(Thinking about Easter 6)
While Peter was still speaking, the Holy Spirit fell upon all who heard the word. The circumcised believers who had come with Peter were astounded that the gift of the Holy Spirit had been poured out even on the Gentiles, for they heard them speaking in tongues and extolling God. Then Peter said, “Can anyone withhold the water for baptizing these people who have received the Holy Spirit just as we have?” So he ordered them to be baptized in the name of Jesus Christ. Then they invited him to stay for several days. (Acts 10:44-48)
It’s still the Easter Season for a few more weeks, and at this time of year we get stories of the early church, from the Book of Acts, instead of a Hebrew Bible reading each Sunday. The Acts of the Apostles is sort of an adventure book about the early church, rather than a CNN-type documentary. It conflicts with accounts in the epistles, and we have no way of fact-checking it. But it brings us those famous and modestly well-known first Christians and gives us a sense of who stands behind our faith.
Peter had to come around to accepting ministry to the Gentiles. Despite what Jesus told the disciples about taking the gospel to the wider world, Peter feared the different and the “unclean” until a dream taught him to know better.
I live in a state where the legislature and the governor last week made marriage legal for any two people who love one another, reaching the conclusion that we cannot withhold civil rights from people who have received love just as others have. This gradual process, not quick enough for some and too fast at any speed for others, continues to unfold. We’ll have a challenge to the law, a collection of signatures on petitions, which may lead to a referendum with a campaign for and against the measure.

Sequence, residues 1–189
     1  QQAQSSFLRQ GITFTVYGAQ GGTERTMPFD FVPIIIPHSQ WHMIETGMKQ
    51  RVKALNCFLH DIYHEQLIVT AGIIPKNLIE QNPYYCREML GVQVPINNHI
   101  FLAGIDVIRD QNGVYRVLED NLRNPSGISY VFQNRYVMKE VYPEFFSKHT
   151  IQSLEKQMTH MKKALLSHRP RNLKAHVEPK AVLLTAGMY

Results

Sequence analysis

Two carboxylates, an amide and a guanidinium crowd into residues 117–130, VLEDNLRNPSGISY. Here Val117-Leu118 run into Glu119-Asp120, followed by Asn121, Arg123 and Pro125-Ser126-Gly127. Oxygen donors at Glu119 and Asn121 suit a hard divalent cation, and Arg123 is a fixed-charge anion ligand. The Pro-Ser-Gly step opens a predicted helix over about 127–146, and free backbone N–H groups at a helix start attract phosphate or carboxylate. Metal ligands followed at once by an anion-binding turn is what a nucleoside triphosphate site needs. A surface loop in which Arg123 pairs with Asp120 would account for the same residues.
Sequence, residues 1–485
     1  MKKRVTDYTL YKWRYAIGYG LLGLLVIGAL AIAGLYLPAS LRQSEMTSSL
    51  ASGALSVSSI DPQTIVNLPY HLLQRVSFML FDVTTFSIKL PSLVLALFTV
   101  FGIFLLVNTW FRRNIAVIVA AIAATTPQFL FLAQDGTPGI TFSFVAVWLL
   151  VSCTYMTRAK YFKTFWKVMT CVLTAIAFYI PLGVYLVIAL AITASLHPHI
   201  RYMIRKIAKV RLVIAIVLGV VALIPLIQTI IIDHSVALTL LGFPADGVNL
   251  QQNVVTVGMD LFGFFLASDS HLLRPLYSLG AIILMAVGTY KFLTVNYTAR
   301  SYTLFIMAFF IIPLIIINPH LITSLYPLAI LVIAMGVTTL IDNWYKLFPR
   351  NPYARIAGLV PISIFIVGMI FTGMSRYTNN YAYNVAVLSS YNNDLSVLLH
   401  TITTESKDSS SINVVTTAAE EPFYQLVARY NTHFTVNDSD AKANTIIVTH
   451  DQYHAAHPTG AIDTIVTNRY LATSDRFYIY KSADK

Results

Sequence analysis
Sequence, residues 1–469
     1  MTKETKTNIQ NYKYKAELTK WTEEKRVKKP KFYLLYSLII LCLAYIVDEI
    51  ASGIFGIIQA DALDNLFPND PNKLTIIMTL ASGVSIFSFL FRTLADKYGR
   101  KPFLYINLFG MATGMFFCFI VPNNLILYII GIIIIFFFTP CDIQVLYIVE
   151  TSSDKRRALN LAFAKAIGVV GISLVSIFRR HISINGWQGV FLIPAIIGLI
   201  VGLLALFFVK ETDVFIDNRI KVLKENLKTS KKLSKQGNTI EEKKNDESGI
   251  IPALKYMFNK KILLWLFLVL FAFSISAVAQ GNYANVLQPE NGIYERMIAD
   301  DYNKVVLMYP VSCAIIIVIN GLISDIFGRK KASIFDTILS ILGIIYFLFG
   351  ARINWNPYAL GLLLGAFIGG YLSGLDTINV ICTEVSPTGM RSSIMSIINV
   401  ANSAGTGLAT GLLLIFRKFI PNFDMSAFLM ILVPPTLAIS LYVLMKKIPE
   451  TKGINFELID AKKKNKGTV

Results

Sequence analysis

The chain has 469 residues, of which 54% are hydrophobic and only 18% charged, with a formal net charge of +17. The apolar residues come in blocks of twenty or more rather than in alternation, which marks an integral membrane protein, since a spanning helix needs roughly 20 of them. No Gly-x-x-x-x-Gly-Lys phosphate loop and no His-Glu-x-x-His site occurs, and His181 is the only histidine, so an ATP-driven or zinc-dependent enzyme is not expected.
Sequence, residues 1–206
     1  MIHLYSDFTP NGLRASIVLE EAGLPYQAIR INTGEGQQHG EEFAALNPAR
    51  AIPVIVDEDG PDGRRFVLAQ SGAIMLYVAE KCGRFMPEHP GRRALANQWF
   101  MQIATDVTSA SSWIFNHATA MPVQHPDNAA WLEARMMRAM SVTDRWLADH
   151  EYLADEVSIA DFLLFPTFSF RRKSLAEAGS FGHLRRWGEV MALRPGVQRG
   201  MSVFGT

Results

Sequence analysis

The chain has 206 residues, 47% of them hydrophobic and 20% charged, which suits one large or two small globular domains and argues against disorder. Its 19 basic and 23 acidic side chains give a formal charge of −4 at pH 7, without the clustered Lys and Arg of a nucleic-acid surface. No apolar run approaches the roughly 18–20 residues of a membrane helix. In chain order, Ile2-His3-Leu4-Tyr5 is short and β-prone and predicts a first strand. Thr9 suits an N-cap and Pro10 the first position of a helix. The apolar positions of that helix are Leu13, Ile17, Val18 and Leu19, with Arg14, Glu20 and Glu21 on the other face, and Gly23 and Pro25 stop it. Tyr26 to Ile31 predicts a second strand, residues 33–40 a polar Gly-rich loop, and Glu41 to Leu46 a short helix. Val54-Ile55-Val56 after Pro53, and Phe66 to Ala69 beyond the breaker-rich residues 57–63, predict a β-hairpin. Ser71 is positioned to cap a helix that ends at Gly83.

I wonder how it felt for Peter to baptize the Gentiles that day? Was he happy? Thrilled? Solemn? Simply busy making sure they were all included?
It’s selfish, but my first thought on the passage of the law was about myself. When, I wondered, will I have the chance to perform a marriage ceremony for couples who could not have had one before? I thought about couples I know, committed couples, couples whose commitments have been blessed by other pastors, but who could not attain the rights and privileges my husband and I got very easily when we decided to marry. I wondered if they would even care about having a church wedding, if there has already been a ceremony of blessing and commitment?
God, you see, already recognizes their relationships.
When I got married the first time, my Cousin Jack told us that the marriage license and the wedding ceremony in church didn’t really matter to each other. It’s merely a convenience that your pastor can sign the piece of paper and make it all legal.
This is one convenience I will be happy, thrilled and solemn to offer, when the time comes.